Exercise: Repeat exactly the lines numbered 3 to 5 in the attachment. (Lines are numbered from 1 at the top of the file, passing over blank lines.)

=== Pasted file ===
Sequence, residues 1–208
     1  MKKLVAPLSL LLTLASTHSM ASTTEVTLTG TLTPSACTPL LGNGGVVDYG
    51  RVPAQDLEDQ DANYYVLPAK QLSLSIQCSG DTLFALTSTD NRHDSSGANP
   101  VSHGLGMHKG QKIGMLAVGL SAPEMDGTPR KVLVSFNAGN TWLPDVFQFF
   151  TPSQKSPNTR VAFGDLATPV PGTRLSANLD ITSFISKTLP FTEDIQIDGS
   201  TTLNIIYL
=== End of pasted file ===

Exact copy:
    51  RVPAQDLEDQ DANYYVLPAK QLSLSIQCSG DTLFALTSTD NRHDSSGANP
   101  VSHGLGMHKG QKIGMLAVGL SAPEMDGTPR KVLVSFNAGN TWLPDVFQFF
   151  TPSQKSPNTR VAFGDLATPV PGTRLSANLD ITSFISKTLP FTEDIQIDGS